This is one of the most beautiful buildings I’ve ever seen, and I’m trying to work out why. It’s the stadium built for the Olympic Games of 1936, held in Berlin, a city that I visited for the first time a couple of weeks ago. The 1936 Games were of course Hitler’s Games, engineered as a means to promote the ideals of National Socialism. The design of the stadium and the site of which it was a part was integral to that propagandist and pernicious ambition, but just as with the Games, where sport triumphed over political show, so the stadium stands as symbol of all that is fine over blind prejudice.
The brochures and the excellent explanatory notes about the site conduct a careful balancing act between celebrating the sporting occasion while condemning some of the ideas behind it. The stadium has an interesting history. The site, at Grunewald on the outskirts of Berlin, first gained an association with sport in 1906, when the Berlin Horseracing Association commissioned Otto March to design a racecourse. This opened in 1909. Three years later work began on the construction of a stadium on the site, intended for the 1916 Olympic Games which were to be held in Berlin. The stadium opened in June 1913, and though the Games were cancelled because of the First World War, the stadium because a popular venue for sporting events, as well as political and military displays.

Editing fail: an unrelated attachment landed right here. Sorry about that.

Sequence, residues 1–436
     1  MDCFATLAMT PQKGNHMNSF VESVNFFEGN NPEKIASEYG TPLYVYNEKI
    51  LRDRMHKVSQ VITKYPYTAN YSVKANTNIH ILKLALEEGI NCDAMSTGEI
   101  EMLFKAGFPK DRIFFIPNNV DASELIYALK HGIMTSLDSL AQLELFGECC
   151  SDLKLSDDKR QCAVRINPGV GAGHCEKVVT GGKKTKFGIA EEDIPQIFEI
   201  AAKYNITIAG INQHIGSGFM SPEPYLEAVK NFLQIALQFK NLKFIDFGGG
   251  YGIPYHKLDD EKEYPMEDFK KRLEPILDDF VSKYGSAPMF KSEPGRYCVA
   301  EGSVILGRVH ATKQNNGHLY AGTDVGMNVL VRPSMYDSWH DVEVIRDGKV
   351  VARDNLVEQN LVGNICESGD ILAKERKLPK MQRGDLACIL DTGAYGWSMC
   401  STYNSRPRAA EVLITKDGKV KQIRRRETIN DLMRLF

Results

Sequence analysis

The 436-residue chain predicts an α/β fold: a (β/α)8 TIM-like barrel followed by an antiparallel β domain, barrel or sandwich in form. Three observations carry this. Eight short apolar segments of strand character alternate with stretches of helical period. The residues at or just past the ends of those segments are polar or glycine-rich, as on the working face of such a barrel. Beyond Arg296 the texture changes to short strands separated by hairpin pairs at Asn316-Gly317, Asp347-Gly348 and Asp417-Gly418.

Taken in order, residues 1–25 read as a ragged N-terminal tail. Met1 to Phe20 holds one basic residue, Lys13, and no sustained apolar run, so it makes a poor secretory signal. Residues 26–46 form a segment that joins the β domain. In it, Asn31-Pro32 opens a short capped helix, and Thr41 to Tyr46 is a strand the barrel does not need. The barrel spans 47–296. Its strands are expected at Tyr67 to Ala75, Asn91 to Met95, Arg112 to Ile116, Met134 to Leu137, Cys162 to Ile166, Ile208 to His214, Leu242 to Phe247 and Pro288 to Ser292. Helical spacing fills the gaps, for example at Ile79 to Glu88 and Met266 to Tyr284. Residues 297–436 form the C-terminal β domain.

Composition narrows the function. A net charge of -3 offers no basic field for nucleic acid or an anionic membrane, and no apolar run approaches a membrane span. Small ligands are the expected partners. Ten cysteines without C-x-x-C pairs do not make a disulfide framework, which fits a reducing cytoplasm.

The site was further developed in the 1920s by Werner March (Otto’s son) as the Deutsches Sportsforum, though the financial crisis of the late 20s put paid to developing the site entirely. When Berlin was awarded the Olympic Games of 1936 the initial plan was to the existing stadium, but Hitler demanded a complete rebuild, which was overseen by Werner March. A much larger stadium seating 100,000 would now be built on the site of the existing one (digging down into the ground to achieve greater space than one would expect viewing it from the outside), and the overall area to become the complete sporting complex, named the Reichssportfeld. Completed in 1936, the Reichssportfeld and the Olympiastadion hosted the spectacular Berlin Games in that year, an event which in its ambition, aesthetics, symbolism (the first Games to have the Olympic torch relay) and sports professionalism established the success and the still present meaning of the Olympic Games. With the stadium as the centrepiece, there was also the Olympischer Platz road leading up to the two-towered Olympic gate and the stadium beyond, the large field at the end end of the stadium overlooked by the Bell Tower, the swimming pool and an open-air amphitheatre.
The stadium was largely unaffected by the bombing of the Second World War. The Bell Tower was demolished in 1947 (to be rebuilt in the 1960s) but the substantial structures remained and the stadium was regularly used for sporting events and festivals. It was used for the 1974 World Cup and was significantly refurbished – including the addition of a roof – in time for the 2006 World Cup. Today it hosts football matches and concerts. It is an active and much-used area. But if you visit it on a cold, sunny day in February when there are no events scheduled, as I did, then you get the entire stadium more or less to yourself (there is a visitor centre, and tours are available, but otherwise you can go around the entire site and most of the stadium for yourself, unaccompanied).